Backpacks and binders. Construction paper and crayons. Pens, pencils, and Post-its. Back-to-school season is upon us! There’s such an excitement in the air as students get stocked up on supplies in preparation for the start of a new school year ahead.
While school supply shopping in August is symbolic of the back-to-school movement, back-to-school preparations have been underway since June for 64 K-12 teachers participating in the Water Rocks! Teacher Summit workshops put on by our team. These teachers descended upon the Iowa State University campus for two days of learning and full immersion on all things water, soil, and natural resources.
Why train teachers? Educating youth on water, land, and wildlife issues in the natural environment is a team effort! While the demand for agricultural products is ever increasing, as is society’s demand for clean water, the health of our water bodies and our land rests in the engagement of youth as the future decision-makers. At the same time, schools statewide face ever-tightening budgets and elimination of field trips exposing students to these topics. Enter Water Rocks! and our Teacher Summits.
If we can help classroom teachers expand their knowledge, comfort, and confidence in teaching about natural resources issues and science-based solutions for Iowa’s environment, we can build a cohort of passionate, energetic educators that are on the front lines in reaching the next generation. If we can equip teachers with hands-on games, interactive activities, and ready-to-use materials to help convey conservation concepts in the classroom, we can create a ripple effect in terms of youth water education. Training teachers means the potential for directly reaching hundreds, if not thousands, of students statewide as teachers integrate these Iowa-centric natural resources topics, games, and activities year after year. Training is one of the three keys pillars of the Conservation Learning Group at ISU, and the Water Rocks! Teacher Summits help educators make waves when it comes to integrating natural resources topics in creative and engaging ways with their students.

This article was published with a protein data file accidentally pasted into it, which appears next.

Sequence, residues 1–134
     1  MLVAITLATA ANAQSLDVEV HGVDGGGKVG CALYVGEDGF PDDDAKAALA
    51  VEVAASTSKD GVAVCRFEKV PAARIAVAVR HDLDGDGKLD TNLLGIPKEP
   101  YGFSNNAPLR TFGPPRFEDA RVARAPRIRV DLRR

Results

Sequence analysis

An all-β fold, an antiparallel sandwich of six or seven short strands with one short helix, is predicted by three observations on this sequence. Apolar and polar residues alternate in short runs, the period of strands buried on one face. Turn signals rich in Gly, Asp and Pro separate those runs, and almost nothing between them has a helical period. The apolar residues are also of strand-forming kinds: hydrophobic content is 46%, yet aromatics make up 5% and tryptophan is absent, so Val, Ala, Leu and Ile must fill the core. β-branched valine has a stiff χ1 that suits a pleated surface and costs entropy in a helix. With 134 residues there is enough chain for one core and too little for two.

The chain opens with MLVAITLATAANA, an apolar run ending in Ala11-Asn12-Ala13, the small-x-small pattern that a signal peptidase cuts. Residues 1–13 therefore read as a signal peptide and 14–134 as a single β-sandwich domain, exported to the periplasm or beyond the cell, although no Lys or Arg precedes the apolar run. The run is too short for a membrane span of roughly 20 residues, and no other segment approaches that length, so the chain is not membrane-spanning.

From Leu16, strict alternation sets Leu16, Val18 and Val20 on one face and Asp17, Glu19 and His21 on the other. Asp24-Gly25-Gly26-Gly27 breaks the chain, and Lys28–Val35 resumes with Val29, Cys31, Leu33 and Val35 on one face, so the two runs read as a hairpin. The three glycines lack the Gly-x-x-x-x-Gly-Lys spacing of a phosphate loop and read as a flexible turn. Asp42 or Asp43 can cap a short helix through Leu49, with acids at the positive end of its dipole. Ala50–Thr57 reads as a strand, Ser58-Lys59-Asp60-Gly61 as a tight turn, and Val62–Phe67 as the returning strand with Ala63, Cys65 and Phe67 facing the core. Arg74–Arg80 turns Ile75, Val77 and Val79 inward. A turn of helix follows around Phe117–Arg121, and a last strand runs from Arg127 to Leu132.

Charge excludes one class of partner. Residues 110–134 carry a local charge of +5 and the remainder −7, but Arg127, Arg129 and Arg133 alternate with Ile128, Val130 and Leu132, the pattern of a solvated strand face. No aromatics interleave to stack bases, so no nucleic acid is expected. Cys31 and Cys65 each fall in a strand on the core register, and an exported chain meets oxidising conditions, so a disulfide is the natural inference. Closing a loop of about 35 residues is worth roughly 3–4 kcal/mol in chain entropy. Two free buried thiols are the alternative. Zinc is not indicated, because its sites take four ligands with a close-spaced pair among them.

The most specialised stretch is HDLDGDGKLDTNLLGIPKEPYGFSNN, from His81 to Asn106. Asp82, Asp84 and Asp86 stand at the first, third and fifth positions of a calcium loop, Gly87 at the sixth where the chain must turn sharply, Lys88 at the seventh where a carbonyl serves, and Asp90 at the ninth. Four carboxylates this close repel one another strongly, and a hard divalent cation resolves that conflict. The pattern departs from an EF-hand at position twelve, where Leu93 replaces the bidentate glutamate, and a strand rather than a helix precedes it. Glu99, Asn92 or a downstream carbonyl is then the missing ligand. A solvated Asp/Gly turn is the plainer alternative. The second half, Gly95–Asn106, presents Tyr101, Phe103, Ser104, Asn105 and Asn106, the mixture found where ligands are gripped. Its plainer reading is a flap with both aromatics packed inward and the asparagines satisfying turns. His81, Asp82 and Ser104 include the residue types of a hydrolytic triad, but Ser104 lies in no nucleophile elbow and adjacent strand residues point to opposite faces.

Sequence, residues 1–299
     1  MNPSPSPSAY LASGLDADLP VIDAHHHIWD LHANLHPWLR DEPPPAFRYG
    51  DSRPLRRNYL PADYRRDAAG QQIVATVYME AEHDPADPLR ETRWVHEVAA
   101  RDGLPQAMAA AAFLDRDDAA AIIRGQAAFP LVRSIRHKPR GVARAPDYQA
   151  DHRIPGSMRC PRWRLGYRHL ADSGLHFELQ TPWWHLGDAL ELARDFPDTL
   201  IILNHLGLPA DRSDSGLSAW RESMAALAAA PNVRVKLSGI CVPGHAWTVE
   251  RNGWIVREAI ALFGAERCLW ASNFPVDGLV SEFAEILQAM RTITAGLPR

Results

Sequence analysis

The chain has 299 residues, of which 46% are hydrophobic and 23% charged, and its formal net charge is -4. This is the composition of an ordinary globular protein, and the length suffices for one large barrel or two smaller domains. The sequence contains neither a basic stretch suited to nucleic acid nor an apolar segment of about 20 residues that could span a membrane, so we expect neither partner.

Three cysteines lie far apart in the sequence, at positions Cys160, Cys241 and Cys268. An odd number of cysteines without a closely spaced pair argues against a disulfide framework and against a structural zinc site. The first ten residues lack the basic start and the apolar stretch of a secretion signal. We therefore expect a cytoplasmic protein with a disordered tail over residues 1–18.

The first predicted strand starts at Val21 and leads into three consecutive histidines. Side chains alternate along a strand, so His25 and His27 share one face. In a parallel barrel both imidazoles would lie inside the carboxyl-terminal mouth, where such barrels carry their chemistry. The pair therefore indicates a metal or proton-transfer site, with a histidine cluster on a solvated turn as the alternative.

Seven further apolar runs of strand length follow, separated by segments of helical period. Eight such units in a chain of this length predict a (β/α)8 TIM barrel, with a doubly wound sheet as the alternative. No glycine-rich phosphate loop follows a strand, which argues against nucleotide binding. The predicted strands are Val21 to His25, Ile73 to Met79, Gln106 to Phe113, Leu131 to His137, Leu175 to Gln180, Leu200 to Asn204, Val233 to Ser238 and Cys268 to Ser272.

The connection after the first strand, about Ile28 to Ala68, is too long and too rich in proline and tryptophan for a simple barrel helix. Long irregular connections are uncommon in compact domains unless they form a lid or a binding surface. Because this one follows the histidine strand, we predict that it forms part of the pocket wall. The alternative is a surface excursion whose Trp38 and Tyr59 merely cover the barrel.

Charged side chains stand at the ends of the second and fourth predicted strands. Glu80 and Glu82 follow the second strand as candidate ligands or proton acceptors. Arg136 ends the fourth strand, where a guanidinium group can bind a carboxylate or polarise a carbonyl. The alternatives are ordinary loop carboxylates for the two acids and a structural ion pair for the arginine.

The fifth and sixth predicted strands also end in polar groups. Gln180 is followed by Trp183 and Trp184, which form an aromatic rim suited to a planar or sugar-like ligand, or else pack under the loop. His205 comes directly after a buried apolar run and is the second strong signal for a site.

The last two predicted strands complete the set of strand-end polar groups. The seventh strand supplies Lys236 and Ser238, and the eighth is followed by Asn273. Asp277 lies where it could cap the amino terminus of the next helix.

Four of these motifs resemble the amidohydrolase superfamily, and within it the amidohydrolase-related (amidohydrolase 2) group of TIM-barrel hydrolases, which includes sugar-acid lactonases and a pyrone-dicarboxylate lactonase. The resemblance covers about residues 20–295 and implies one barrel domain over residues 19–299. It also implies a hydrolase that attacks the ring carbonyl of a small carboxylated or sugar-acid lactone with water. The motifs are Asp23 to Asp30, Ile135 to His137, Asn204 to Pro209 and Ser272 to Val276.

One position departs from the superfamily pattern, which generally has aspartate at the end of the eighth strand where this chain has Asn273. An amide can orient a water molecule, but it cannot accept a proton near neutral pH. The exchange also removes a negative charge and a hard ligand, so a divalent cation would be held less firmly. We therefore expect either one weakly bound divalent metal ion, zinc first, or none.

Over the course of each Water Rocks! Teacher Summit, participants are introduced to agricultural and environmental topics through presentations by ISU faculty and researchers working directly in these fields, broadening their understanding of the current science. How is that information translated back into the classroom, whether it be to 4th graders or high school students? The Water Rocks! team makes it easy, pairing each expert presentation with a fun and engaging hands-on activity or interactive game that teachers can use with their students back in the classroom. For instance, Randall Cass, ISU Extension Entomologist, spoke to participants about the challenges facing bees and pollinators, which was followed by participants competing in the original Monarch Migration Madness game developed by Water Rocks!. Each school team goes home with an activity kit chock full of ready-to-use educational materials for the classroom. Finally, a field tour gives teachers the opportunity to better understand the connections between land management, water quality, and wildlife habitat as they explored conservation practices firsthand on the ground.